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Oracle® Database SecureFiles and Large Objects Developer's Guide
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15 Using LOB APIs

This chapter describes APIs that perform operations on BLOB, CLOB, and NCLOB datatypes. The operations given in this chapter can be used with either persistent or temporary LOB instances. Note that operations in this chapter do not apply to BFILEs. APIs covered in this chapter are listed in Table 15-1.

See Also:

The following information is given for each operation described in this chapter:

This chapter contains these topics:

Supported Environments

Table 15-1, "Environments Supported for LOB APIs" indicates which programmatic environments are supported for the APIs discussed in this chapter. The first column describes the operation that the API performs. The remaining columns indicate with "Yes" or "No" whether the API is supported in PL/SQL, OCI, OCCI, COBOL, Pro*C/C++, COM, and JDBC.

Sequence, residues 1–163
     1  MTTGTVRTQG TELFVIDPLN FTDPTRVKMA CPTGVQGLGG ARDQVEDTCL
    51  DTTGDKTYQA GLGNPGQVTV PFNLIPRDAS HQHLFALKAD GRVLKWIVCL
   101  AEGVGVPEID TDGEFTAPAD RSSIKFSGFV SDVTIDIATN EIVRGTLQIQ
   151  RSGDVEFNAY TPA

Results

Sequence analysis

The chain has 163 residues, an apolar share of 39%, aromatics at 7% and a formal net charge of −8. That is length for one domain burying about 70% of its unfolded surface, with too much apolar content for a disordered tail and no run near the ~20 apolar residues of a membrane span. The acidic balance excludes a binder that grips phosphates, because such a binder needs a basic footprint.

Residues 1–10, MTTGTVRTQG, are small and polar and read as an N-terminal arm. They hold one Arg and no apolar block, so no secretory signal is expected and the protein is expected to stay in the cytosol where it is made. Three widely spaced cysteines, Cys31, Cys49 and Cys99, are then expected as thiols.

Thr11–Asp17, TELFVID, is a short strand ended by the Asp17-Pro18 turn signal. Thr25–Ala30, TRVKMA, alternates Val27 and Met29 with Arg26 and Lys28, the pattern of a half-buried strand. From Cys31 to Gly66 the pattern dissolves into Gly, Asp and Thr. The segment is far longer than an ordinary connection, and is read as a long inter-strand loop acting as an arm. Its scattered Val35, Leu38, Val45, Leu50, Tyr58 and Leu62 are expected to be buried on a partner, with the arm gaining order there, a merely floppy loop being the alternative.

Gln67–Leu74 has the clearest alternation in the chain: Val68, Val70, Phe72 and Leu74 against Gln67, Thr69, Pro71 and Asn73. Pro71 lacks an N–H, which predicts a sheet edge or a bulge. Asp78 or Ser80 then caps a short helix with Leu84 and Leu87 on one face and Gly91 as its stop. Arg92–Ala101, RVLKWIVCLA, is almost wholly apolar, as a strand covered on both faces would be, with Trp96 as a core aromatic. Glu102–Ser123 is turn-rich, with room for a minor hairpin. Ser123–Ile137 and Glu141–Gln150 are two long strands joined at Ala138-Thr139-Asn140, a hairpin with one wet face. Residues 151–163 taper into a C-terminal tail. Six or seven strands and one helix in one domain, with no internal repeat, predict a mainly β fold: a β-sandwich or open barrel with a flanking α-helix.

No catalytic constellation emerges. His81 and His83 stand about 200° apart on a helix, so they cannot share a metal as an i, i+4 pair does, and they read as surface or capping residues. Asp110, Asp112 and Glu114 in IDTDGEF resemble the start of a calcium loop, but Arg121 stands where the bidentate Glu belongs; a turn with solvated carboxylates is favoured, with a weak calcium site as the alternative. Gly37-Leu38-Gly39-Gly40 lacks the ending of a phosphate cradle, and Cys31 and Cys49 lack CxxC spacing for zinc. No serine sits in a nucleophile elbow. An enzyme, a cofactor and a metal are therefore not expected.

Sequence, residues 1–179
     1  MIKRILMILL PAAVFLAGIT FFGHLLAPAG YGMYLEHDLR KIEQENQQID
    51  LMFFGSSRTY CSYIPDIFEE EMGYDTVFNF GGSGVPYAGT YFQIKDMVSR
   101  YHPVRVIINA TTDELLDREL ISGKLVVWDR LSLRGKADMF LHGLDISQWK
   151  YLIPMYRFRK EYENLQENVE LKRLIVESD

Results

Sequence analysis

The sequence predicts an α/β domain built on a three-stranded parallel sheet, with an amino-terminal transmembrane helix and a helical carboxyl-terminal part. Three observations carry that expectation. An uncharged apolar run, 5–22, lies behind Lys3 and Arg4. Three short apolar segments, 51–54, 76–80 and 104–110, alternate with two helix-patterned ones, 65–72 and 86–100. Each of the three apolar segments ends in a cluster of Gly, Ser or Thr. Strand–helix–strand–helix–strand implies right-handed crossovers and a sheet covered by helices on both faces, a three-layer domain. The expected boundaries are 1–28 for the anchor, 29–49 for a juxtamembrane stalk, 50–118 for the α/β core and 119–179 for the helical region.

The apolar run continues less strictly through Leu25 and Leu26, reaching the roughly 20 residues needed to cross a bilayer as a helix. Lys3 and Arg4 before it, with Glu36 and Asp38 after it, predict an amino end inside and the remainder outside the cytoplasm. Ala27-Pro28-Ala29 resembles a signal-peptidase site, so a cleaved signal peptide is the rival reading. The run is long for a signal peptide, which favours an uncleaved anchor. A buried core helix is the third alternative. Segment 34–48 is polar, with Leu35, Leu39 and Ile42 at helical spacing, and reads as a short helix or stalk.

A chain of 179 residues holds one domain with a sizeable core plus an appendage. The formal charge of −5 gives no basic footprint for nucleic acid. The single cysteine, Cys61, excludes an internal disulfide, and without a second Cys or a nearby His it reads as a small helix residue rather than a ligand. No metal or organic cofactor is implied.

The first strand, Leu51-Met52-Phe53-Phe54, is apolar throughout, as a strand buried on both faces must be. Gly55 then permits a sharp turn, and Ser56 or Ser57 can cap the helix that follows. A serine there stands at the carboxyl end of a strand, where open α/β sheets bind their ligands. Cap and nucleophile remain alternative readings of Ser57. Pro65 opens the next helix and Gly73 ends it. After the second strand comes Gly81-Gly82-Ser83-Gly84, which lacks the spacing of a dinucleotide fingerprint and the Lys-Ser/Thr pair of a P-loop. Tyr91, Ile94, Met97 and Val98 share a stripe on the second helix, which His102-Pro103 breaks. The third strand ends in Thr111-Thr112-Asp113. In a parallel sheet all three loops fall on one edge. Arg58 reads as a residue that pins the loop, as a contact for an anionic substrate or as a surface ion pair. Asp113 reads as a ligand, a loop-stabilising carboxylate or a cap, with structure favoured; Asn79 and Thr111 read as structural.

Table 15-1 Environments Supported for LOB APIs

Operation PL/SQL OCI OCCI COBOL Pro*C/C++ COM JDBC

Appending One LOB to Another

Yes

Yes

No

Yes

Yes

Yes

Yes

Determining Character Set Form

No

Yes

No

No

No

No

No

Determining Character Set ID

No

Yes

No

No

No

No

No

Determining Chunk Size, See: Writing Data to a LOB

Yes

Yes

Yes

Yes

Yes

Yes

Yes

Comparing All or Part of Two LOBs

Yes

No

No

Yes

Yes

Yes

Yes

Converting a BLOB to a CLOB

Yes

No

No

No

No

No

No

Converting a CLOB to a BLOB

Yes

No

No

No

No

No

No

Copying a LOB Locator

Yes

Yes

No

Yes

Yes

Yes

Yes

Copying All or Part of One LOB to Another LOB

Yes

Yes

No

Yes

Yes

Yes

Yes

Disabling LOB Buffering

No

Yes

No

Yes

Yes

Yes

No

Displaying LOB Data

Yes

Yes

No

Yes

Yes